Great Review from Washington Post

26 04 2013

Students Making Sense of the World book coverJust found out that the Washington Post named this book an intriguing e-book. And called it “Surprising, uplifting, assertive.”

I’m thrilled to have art and a 6-word bio in it and to be included with art students of all ages who have a 6-word message for the world. I’d call many of their contributions insightful, intriguing, and inspirational. A book to remind you of your hopes and dreams.

More about the book from the Post article:

“Everybody has a story. What’s yours?”

From Smith’s grandfather, he learned that everyone has a tale — often funny, thoughtful, or moving. One he loves: “I still make coffee for two.” Another: “Mom’s Alzheimer’s: She forgets, I remember.” So, what IS your story?

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Students Making Sense of the World

27 12 2012

Students Making Sense of the World book coverJust received word that my combination artwork/6-word bio is being published by Smith Magazine in the book Things Don’t Have to Be Complicated. As a grad student, I was eligible for the competition. I’m amazed at the profound insights from students of all ages. Their wisdom (and accompanying artwork) is well worth the purchase price. You can grab a copy at the Smith website or at iTunes or Amazon.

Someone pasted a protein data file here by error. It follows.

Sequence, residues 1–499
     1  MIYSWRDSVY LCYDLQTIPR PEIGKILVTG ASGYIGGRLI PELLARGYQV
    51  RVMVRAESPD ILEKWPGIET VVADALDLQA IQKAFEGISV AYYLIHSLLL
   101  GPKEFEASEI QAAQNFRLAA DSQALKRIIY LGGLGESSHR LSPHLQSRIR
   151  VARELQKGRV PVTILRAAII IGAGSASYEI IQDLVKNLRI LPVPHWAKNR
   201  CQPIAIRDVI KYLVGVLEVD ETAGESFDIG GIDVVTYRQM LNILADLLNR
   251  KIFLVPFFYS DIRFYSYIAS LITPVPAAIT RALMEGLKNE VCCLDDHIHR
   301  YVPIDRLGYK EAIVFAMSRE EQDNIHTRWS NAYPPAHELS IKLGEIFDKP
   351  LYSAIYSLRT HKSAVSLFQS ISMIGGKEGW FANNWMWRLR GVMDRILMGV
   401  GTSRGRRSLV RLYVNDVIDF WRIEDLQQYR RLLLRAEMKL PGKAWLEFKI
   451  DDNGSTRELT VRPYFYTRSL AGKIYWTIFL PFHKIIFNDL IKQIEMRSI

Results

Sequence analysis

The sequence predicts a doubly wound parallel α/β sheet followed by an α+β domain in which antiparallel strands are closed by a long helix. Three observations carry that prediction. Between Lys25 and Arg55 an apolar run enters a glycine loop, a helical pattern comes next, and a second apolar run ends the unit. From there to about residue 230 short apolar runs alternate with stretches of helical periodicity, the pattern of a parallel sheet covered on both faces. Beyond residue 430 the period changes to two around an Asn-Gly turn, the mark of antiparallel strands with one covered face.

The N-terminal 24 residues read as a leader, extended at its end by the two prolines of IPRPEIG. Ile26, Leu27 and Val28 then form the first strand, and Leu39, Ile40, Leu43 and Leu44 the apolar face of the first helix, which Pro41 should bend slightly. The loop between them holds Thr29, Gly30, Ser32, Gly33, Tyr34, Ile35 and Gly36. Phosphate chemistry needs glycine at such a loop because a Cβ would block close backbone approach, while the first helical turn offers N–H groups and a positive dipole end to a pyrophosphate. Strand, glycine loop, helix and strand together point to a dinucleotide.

Here’s the blurb for the book:

What would you say if you had just six words to define your life? That’s the challenge Larry Smith presented to his online community, SMITH Magazine, in 2006. His quest was inspired by the legend that Ernest Hemingway was once challenged to write a novel in just six words. His heartbreaking result: “For sale: baby shoes, never worn.”

Giving the form a personal twist, Smith reimagined the six-word novel idea as the Six-Word Memoir, challenging contributors to create a half-dozen words of self-reflection. The constraint, it turned out, fueled rather than inhibited creativity: “Sometimes lonely in a crowded bed.” “My life made my therapist laugh.” “Wasn’t born a redhead — fixed that.” “I still make coffee for two.”

Inspired by Six Words’ popularity in English classes and art classes alike, Smith recently called for submissions for illustrated Six-Word Memoirs, in which he asked students, whether in grade school or grad school, to create a piece of artwork that enhanced their memoirs. The voices in Things Don’t Have to Be Complicated are younger than those of previous memoirists, but no less profound: “Said he loved me, he lied.” “Two girls, both of them me.” “Big dreams, big heart, big mouth.” “I’m a Muslim, not a terrorist.” “Life is better with headphones on.” This book contains dozens more. At its core, the Six-Word Memoir offers a simple way for anyone of any age to try to answer the question that defines us all: Who am I?

If you wrote a 6-word memoir, what would it say?